The plot is a plan of action.  Identify the problem, conflict or obstacle and take steps to resolve it.  The writer needs to identify who is at the greatest risk or is motivated to solve the problem.  What question is finally answered?

Examples of plots:

To cause something, revenge, punishment, or change

To escape something, danger, or pain

To resolve something, get answer, repair a problem

To survive something, endurance, and stamina

Is there a symbol of the problem?

The hero must face the consequence of increased emotional damage.  The more a person is in love, the more they have to lose.

Create a list of heart clutching moments and build the story around them by adding conflict, suffering, or emotional upheaval.  Build suspense with the sequence of events.

Foreshadow the fear or concern and build suspense before the resolution.  Things worsen before the loose ends are tied up in the end.  Use suspense to turn pages.

Symbols help to identify an abstract

_MG_3314

Can a frog symbolize transformation? What does it mean when a prince is a frog waiting to be kissed?

An object can stand as a symbol for something else, like a human experience.  A reoccurring symbol can signify a motif in a book.

  • Birds can mean freedom
  • Buildings can mean strength
  • Cats can signify mystery
  • City can represent civilization
  • Feathers can signify lightness
  • Fire can symbolize anger
  • Plants can represent nature
  • Snakes can mean danger
  • Trees can represent steadfastness
  • Water can symbolize life

What are some of your symbols in writing?

Who said that?

_MG_6556Dialogue is the conversation between characters.  It is easiest to limit a conversation between two people.  Each speaker has a separate line with dialogue enclosed in quotes.

If more than two people are in the conversation, “tags” such as “she said” or a name must be used to identify the speaker so the reader doesn’t become confused.  Use said or asked most of the time.  Tags can be eliminated if the character is described doing something before or after speaking.

By using gestures with the dialogue, the writer shows the reader how the characters feel.  Use sharp action verbs to show what the speaker is doing.

The constant advice to “show not tell” is in this element.  Avoid adverbs.

For example, “I want to leave,” she said angrily is telling the reader how she felt.  Angrily is an adverb.

Instead show the emotion.  She pounded her fists against his chest.  “I want to leave.”

Internal dialogue or thoughts from a character’s point of view do not need she thought he didn’t like her.  Instead just say what she is thinking.  The reader is in her mind.  “He didn’t like her.  He didn’t even say good-bye.”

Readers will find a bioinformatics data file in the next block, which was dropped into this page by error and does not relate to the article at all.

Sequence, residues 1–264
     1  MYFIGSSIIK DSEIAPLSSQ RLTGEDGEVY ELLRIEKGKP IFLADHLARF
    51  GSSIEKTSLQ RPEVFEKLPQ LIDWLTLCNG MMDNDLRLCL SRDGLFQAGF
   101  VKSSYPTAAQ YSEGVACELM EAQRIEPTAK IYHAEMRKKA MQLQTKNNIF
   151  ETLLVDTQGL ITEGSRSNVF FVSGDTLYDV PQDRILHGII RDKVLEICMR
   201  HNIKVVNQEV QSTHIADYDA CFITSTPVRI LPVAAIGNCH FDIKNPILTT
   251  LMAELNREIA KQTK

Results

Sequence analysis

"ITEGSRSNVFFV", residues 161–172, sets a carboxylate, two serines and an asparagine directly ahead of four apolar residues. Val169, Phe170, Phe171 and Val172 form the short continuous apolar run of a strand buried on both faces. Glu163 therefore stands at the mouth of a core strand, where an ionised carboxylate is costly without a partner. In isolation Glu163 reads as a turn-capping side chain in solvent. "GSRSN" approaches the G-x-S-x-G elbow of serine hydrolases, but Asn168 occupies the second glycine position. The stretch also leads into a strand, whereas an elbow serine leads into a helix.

Through internal thoughts and gestures the reader understands the mood and feelings of the character and emphasizes important moments in the story.

Dialogue has a purpose.  It should advance the plot, reveal character traits, and build tension in the story.  It can be dramatic, informative, or add humor to the situation.

Dialogue reveals facts in an interesting way.  Along with the dialogue, the writer describes actions and reactions to what is spoken.  Other character’s comments reveal hidden feelings or reveal something about the protagonist if the story is told from his point of view.  He can’t see how he looks except in a mirror.  Others can describe him or reveal feelings.  “Why are you nervous?” or “You don’t look well.”

The character’s personality should be revealed through dialogue, and each person has a distinct voice, whether they are angry, kind, sarcastic, or comforting.  This aids the reader in knowing who is speaking.  It can be a repetitive phrase, cracking a joke, speaking intellectually, or saying something stupid, cruel, or insulting to set the speaker apart from the other characters.

Don’t run dialogue longer than three sentences and break up the dialogue with thoughts or actions.  Remind the reader who is talking if the dialogue is long.

In a mystery, dialogue reveals what the detective has discovered or his thoughts on whom the killer may be.

In a romance, dialogue can reveal feelings, hide true feelings, or cause misunderstandings.

Dialogue can foreshadow events to come.  A character can predict the outcome.  They may be correct in predicting the ending or the opposite may result.  Scarlett in Gone With The Wind declares she will never love Rhett Butler, but she confesses her love in the end.